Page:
"Contribution, in the often quoted phrase of Lord Chief Baron Eyre, is bottomed and fixed on general principles of justice and does not spring from a contract, although a contract may qualify it" . . . (citation omitted). The obligation, it is said, arises from "the equitable principle that 'in equali jure, the law requires equality' . . ." (citation omitted). That doctrine has so long been part of the law that persons engaged as co-obligors in the absence of express understanding otherwise, are held to have dealt with it as an implied term in their relations. It is applied in Pennsylvania, both in equity and at law. Greenwald, supra, [102 Pa. Super.] at p. 488 [, 157 A. 351]. (Although

[ 306 Pa. Super. Page 94]

    dealing with negotiable instruments, this case can be analogized as on point to the case before us).

As a final point, Michigan Millers Mutual Insurance Company attempted to preserve and protect itself and its rights by filing an Order to mark the judgment in the original action to the use of the defendant. "Those who are in the situation of surety . . . who do not by paying preserve and protect some interest in their own property . . . are not within the equity of subrogation." Martin v. National Surety Corporation, 437 Pa. 159, 262 A.2d 672 (1970). By reverse logic in applying Martin, id, Michigan Millers Mutual Insurance Company is therefore "within the equity of subrogation."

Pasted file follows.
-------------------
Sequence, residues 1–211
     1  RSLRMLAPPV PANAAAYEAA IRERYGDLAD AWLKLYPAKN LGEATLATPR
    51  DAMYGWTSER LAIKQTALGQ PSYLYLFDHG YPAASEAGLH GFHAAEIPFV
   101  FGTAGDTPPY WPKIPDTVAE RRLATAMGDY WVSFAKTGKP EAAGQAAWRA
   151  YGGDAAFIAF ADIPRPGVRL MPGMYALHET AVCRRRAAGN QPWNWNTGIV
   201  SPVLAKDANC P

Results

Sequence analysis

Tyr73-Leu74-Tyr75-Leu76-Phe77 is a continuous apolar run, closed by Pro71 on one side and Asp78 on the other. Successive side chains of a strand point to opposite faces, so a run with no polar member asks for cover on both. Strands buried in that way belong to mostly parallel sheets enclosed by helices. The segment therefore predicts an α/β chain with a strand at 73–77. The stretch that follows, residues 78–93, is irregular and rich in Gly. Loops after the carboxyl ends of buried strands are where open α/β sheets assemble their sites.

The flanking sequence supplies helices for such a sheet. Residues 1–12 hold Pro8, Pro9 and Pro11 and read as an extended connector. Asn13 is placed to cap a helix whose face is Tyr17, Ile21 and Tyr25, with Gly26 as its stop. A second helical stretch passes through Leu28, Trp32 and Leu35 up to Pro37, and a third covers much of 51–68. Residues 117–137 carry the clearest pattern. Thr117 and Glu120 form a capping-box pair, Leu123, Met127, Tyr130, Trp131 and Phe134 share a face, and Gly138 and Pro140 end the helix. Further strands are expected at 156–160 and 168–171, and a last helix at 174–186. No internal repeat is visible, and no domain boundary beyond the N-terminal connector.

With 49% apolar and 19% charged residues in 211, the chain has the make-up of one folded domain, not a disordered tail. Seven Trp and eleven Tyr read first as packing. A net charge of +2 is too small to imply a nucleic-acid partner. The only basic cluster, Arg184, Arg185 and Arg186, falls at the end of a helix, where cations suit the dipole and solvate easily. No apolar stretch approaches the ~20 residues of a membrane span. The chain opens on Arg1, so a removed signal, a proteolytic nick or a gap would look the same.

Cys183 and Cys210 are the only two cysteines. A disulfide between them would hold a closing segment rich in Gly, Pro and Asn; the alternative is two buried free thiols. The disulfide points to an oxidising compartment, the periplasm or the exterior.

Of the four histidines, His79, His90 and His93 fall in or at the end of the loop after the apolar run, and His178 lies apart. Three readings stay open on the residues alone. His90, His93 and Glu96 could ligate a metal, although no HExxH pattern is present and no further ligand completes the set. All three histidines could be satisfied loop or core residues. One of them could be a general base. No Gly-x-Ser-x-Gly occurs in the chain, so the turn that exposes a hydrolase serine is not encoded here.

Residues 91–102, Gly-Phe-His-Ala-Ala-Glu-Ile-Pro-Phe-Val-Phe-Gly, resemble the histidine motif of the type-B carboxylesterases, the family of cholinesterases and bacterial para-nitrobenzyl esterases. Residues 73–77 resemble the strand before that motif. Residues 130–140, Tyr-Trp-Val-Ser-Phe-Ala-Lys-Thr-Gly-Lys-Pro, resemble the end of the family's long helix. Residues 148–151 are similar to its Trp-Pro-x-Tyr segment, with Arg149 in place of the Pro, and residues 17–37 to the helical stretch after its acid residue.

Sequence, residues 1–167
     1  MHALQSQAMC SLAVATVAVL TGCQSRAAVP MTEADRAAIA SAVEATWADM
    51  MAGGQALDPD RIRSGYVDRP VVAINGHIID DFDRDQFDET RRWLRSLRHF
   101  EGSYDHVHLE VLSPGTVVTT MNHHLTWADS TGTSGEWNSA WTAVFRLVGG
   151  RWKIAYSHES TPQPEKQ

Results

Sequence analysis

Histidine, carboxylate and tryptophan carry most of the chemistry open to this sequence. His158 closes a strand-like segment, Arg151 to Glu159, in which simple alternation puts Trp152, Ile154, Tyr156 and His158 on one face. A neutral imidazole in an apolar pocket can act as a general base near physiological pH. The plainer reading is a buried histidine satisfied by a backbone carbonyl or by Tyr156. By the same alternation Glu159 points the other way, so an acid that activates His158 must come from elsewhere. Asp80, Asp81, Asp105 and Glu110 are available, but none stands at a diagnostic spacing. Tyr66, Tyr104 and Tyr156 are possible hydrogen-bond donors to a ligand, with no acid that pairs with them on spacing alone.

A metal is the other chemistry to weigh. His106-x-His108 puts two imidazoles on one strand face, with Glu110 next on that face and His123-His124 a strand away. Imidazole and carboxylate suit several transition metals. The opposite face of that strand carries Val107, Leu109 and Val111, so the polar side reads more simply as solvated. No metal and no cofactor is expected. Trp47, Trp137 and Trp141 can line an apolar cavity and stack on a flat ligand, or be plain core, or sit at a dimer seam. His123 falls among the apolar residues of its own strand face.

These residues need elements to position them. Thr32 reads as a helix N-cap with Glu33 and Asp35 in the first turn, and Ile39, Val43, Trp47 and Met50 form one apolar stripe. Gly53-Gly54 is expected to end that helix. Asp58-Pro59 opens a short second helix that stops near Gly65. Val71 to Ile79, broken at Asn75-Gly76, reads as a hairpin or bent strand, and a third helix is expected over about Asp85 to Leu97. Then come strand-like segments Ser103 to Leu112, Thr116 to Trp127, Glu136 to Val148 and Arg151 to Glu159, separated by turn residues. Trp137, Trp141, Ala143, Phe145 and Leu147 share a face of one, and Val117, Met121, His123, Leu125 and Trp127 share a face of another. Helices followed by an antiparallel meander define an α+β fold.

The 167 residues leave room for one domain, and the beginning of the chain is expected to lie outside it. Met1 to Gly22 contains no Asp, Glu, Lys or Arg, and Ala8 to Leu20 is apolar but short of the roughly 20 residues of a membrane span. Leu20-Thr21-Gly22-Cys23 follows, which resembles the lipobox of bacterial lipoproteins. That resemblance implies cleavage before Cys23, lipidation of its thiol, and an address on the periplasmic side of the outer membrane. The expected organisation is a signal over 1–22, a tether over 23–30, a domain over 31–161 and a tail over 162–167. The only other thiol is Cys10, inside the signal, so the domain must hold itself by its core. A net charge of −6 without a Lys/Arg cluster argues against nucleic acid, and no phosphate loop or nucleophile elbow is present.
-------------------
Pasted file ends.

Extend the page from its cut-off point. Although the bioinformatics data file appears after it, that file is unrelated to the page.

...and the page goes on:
Reversed and Remanded for appropriate hearing.

SPAETH, Judge, concurring:

I agree with the result reached by the majority, for appellant was not acting as a volunteer when it paid the entire judgment; it had at least a duty to pay as a secondary insurer. See Dominski v. Garrett, 276 Pa. Superior Ct. 18, 419 A.2d 73 (1980).

Moreover, the equities, which are properly considered here since subrogation is based on equitable principles, are in appellant's favor. Dominski v. Garrett, supra; Associated Hospital Service of Philadelphia v. Putsilnik, 262 Pa. Superior Ct. 600, 396 A.2d 1332 (1979). There were two insurance companies, appellant and appellee, only one of which was the primary insurer. Appellant believed it might have at least a secondary obligation, and appellee denied coverage altogether. In this situation, appellant paid the entire amount before its dispute with appellee was settled, rather than force the insured to go uncompensated in the interim. On these facts, the lower court found that appellant had acted as a volunteer when it paid the judgment because appellee was in fact the primary insurer. This result is clearly

[ 306 Pa. Super. Page 95]

    inequitable, for not only is appellee released from an obligation that was its primary responsibility, but appellant is penalized for good faith conduct that resulted in the insured being completely and promptly paid.


*fn* President Judge JOSEPH F. O'KICKI of the Court of Common Pleas of Cambria County, Pennsylvania, is sitting by designation.